Copyright Information - Modified with permission from Global Climates - Past, Present, and Future, S. Henderson, S. Holman, and L. Mortensen (Eds.), EPA Report No. EPA/600/R-93/126. U.S. Environmental Protection Agency, Office of Research and Development, Washington, DC, 39 - 44.
This activity is designed to have students become familiar with how a greenhouse retains heat by building simple models. Through discussion, you can explain how the atmospheric 'greenhouse effect' retains heat.
Greenhouses are used extensively by botanists, commercial plant growers, and dedicated gardeners. Particularly in cool climates, greenhouses are useful for growing and propagating plants because they both allow sunlight to enter and prevent heat from escaping. The transparent covering of the greenhouse allows visible light to enter unhindered, where it warms the interior as it is absorbed by the material within. The transparent covering also prevents the heat from leaving by reflecting the energy back into the interior and preventing outside winds from carrying it away.
Like the greenhouse covering, our atmosphere also serves to retain heat at the surface of the earth. Much of the sun's energy reaches earth as visible light. Of the visible light that enters the atmosphere, about 30% is reflected back out into space by clouds, snow and ice-covered land, sea surfaces, and atmospheric dust. The rest is absorbed by the liquids, solids, and gases that constitute our planet. The energy absorbed is eventually reemitted, but not as visible light (only very hot objects such as the sun can emit visible light). Instead, it's emitted as longer-wavelength light called infrared radiation. This is also called "heat" radiation, because although we cannot see in infrared, we can feel its presence as heat. This is what you feel when you put your hand near the surface of a hot skillet. Certain gases in our atmosphere (known as "trace" gases because they make up only a tiny fraction of the atmosphere) can absorb this outgoing infrared radiation, in effect trapping the heat energy. This trapped heat energy makes the earth warmer than it would be without these trace gases.
The ability of certain trace gases to be relatively transparent to incoming visible light from the sun yet opaque to the energy radiated from earth is one of the best-understood processes in atmospheric science. This phenomenon has been called the "greenhouse effect" because the trace gases trap heat similar to the way that a greenhouse's transparent covering traps heat. Without our atmospheric greenhouse effect, earth's surface temperature would be far below freezing. On the other hand, an increase in atmospheric trace gases could result in increased trapped heat and rising global temperatures.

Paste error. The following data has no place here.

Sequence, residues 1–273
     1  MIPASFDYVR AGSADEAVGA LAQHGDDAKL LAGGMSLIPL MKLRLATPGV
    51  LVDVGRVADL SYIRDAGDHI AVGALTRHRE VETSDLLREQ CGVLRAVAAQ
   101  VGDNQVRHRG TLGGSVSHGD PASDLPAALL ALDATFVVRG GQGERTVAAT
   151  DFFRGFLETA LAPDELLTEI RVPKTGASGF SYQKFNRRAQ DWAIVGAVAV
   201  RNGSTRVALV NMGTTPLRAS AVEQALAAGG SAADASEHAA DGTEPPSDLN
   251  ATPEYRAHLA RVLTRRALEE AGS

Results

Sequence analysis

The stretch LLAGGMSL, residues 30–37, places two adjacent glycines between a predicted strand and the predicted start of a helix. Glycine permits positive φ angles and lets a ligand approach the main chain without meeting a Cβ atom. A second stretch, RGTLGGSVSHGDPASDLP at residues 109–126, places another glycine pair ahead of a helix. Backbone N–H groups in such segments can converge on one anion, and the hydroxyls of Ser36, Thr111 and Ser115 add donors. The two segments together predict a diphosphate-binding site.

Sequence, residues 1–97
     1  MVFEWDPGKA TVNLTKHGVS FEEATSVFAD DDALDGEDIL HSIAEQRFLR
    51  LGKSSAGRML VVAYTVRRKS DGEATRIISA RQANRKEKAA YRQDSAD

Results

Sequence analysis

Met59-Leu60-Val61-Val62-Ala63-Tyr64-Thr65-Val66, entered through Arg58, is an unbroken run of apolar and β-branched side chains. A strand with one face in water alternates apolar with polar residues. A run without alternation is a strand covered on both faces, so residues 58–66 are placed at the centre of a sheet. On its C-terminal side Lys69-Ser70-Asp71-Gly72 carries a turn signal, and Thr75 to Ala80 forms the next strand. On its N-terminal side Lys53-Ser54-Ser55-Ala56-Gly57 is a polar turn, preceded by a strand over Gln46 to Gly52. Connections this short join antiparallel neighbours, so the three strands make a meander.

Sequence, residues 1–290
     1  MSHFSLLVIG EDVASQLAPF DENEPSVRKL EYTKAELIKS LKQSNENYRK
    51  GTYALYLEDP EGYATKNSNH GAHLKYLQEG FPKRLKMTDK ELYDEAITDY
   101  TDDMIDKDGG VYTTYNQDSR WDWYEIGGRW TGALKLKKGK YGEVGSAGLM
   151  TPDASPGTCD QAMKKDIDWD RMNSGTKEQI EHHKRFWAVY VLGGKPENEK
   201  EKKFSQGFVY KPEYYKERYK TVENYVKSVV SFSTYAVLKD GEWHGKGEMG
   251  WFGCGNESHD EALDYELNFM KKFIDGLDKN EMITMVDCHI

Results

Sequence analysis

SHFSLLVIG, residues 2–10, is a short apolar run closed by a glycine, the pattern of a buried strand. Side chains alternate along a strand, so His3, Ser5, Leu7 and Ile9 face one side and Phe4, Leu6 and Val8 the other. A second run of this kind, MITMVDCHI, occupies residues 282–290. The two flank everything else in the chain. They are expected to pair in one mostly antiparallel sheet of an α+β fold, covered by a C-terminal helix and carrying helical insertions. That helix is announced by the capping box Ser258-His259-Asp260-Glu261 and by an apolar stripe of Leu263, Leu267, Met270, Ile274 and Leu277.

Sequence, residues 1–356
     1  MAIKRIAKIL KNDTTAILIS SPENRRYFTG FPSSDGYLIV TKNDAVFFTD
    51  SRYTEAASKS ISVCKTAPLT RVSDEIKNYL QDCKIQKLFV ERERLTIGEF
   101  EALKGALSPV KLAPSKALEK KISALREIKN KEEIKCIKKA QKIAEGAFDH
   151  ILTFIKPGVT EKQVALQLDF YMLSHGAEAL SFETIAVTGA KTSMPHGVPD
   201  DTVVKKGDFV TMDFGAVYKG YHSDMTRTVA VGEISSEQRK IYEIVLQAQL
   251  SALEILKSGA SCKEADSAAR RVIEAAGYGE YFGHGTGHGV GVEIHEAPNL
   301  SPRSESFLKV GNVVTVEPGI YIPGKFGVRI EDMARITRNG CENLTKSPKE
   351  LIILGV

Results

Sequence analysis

Alignment to National Standards
National Science Education Standards
Benchmarks for Science Literacy, Project 2061, AAAS
For each team of four students:
Experimental chamber construction
For each chamber, you will need a two-liter plastic soda bottle (with cap) and a 14- to 16-oz. plastic container for the base.
Observations and Questions
Cautionary Note: The analogy between the plastic cover and the atmosphere
is not a perfect one. Greenhouse covers prevent heat losses from convection
(air movement carrying away the heat) as well as by radiation (direct transfer
of heat energy). The atmosphere prevents only heat loss by radiation. The greenhouses
used in this activity serve as a crude model of the actual atmospheric process
and are only of limited use in understanding the nature and scope of the actual
Modifications for Alternative Learners
When you're finished with the activity, click on To Student Guide or Back to Activities List at the top of the page to return to the activity menu.